HTML 5 : We don’t need no XHTML
Rules are meant to be broken they say, and when it comes to web standards looks like the same holds true. XML was set to be everywhere, even influencing one of the web’s pilars — HTML — in favor of XHTML….fast forward to summer 2007, and being retro is in : HTML has been revived as HTML 5. What does this mean ? What does it offer ? I’ll try and recap the web’s markup evolution and proposed future in this entry.
At the time XHTML’s spec was announced by the W3C, moving from HTML’s v.4.01 over to the XML based XHTML seemed like a natural step, heck I even wrote on article on performing such a task HTML 4.01 to XHTML 1.1 , but in hindsight, the appearance of HTML 5 is a resounding “we don’t want no XHTML” or a more polite “we’d rather stick to what we know” from browser vendors and developers, with the almost guaranteed side effect : end users suffering at the expense of standards.
Recapping the historical background, XHTML was seen as a good successor to HTML 4.01 for various reasons, but the main reasons I personally saw were the following, in order of importance:
HTML had mixed-in layout behaviours, allowing attributes like align, bgcolor and width to be placed directly inside markup. XHTML in effect enforced a cleaner content/layout separation, forcing designers/developers to use CSS for all their layout requirements.
Another reason behind the XHTML push was that it would theoretically allow the delivery of this XML type markup — properly closed, nested and devoid of layout behaviours — to any type of device, not just a browser.
And yet another reason was that HTML was based on the older and more immense SGML language, where as XHTML was to be based on XML, which provided a more simplified rework of SGML.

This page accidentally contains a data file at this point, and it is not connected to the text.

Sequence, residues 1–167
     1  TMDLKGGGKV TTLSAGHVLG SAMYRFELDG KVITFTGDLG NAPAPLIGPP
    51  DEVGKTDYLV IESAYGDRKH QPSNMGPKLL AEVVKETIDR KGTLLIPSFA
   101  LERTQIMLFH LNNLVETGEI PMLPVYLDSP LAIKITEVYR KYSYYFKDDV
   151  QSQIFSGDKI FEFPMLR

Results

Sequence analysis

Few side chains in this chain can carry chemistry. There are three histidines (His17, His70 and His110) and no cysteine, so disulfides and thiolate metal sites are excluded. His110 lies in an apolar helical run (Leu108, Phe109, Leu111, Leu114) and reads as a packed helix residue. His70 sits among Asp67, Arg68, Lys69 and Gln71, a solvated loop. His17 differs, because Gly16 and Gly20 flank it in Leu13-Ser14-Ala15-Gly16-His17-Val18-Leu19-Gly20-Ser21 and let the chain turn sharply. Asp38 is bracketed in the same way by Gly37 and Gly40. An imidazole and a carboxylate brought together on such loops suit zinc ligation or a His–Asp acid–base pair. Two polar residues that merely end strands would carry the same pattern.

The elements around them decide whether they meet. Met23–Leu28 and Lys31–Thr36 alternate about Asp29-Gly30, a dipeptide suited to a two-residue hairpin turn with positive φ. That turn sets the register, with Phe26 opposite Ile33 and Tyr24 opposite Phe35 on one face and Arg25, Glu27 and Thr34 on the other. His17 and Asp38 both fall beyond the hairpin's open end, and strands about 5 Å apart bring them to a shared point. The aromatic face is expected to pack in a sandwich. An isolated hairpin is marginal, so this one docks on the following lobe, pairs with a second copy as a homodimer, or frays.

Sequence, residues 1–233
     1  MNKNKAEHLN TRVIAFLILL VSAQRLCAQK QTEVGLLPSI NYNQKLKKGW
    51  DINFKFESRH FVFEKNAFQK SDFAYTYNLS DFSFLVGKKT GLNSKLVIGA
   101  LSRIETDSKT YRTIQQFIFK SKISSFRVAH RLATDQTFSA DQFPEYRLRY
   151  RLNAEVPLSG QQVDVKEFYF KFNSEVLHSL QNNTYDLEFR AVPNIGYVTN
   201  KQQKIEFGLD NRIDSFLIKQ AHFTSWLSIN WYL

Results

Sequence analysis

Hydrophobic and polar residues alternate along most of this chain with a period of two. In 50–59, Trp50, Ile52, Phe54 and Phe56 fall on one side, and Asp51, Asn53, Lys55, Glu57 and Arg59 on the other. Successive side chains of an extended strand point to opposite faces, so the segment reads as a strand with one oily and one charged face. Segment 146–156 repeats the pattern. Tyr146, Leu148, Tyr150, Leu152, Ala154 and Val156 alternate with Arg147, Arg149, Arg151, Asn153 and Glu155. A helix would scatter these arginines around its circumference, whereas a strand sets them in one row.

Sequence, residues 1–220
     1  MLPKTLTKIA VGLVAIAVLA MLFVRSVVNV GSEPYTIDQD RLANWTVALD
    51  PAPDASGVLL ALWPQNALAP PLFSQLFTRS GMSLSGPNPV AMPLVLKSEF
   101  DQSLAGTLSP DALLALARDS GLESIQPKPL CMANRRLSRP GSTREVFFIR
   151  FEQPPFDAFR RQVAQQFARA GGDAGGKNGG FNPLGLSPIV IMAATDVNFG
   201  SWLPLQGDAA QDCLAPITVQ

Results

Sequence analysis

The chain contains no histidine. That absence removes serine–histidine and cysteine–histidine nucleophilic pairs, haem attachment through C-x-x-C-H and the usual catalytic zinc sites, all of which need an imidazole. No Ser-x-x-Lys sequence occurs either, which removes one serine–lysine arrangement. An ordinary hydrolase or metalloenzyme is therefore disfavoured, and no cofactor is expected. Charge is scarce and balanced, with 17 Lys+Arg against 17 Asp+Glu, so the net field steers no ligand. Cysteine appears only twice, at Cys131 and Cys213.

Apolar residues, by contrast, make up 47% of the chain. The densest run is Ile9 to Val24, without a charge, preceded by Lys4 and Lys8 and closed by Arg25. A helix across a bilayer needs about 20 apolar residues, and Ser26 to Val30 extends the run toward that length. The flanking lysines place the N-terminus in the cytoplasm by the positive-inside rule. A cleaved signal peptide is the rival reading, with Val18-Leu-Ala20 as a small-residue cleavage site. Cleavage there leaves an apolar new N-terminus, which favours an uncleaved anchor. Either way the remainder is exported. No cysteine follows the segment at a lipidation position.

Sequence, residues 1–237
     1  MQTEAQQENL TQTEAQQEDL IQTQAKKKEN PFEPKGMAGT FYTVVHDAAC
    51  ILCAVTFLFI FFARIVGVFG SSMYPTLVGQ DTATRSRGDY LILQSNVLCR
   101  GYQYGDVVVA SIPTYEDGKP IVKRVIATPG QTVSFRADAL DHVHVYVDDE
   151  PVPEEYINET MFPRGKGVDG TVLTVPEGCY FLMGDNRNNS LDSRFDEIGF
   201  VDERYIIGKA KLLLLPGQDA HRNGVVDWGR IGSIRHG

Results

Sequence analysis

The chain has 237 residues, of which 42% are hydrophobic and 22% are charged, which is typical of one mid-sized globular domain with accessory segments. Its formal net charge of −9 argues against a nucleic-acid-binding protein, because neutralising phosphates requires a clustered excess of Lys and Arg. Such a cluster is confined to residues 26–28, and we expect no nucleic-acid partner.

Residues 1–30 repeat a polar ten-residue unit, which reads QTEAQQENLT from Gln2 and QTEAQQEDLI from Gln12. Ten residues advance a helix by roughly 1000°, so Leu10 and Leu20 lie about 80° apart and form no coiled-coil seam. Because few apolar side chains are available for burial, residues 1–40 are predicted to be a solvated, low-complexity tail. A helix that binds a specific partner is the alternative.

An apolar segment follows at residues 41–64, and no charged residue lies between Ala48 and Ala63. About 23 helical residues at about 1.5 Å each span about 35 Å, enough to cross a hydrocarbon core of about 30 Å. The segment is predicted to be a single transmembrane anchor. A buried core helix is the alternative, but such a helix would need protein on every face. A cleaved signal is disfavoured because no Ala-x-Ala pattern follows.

In hindsight once again — and isn’t it always 20/20 vision
CSS adoption was huge by itself, so much in fact, that even though HTML 4.01 allowed layout attributes — align, width, bgcolor, border — or <font> to be used, it soon become just common to use CSS, making XHTML adoption simply unnecessary to enforce content/layout separation.
Delivery of XHTML to multiple devices was a good idea, in an era when multiple markups — like WML or HDML — were required to deliver content on account of network latency issues around HTML’s payload. But WiFi and a few wireless generations later, we have many devices that can consume HTML, such as iPhone’s with rich HTML email clients.
And the SGML foundations proved to be a moot point, while SGML is in fact complex when compared to XML, HTML and XHTML were mere sub-sets for both specs, so for practical purposes were both evolved from seemed to make no difference.
So here you have HTML revived as HTML 5 under none other than a W3C working group. ( NOTE: Although you should be aware that behind the scenes, much of this HTML 5 lobbying and battle was undergone by WHATG [Web Hypertext Application Technology Working Group] , a group formed by Apple, Mozilla and Opera…do a web search if you are interested at the time and events it took for the W3C to actually revive HTML 4.01 and simply incorporate HTML 5 as the WHATG set it out to be).
So here is a link to the HTML 5 Working Draft for your review, and my own personal list of relevant features :
Document Object Model (DOM) : Navigating and using the DOM has never been natural in browser environments, given its historical background. The appearance of AJAX has only made DOM more critical to navigate, and with it, HTML 5 will address many of the headaches faced when using the DOM.
Forms : Lets face it, forms are busted in their current state. Coming to HTML 5, native data validation, support for elements like date, number, range and email, not to mention, improved file upload mechanisms.
More funky tags: <p> and <div> are old, so how about more tags for what has become common nature on the web : <article>, <dialog>,<video>,<canvas> and <progress>, all coming in HTML 5.
The bad news : Everything is pretty much on paper as far as new features are oncerned, so don’t hold your breath as to when you will see this supported in Firefox, Opera or mmhh..Internet Explorer!
The good news: Somebody is paying attention, even if its taken years of listening and it will take more years to make it a reality. Someday you may have access to all these wonders HTML 5 offers, a sign of relief for those who never seemed to forget good old HTML.
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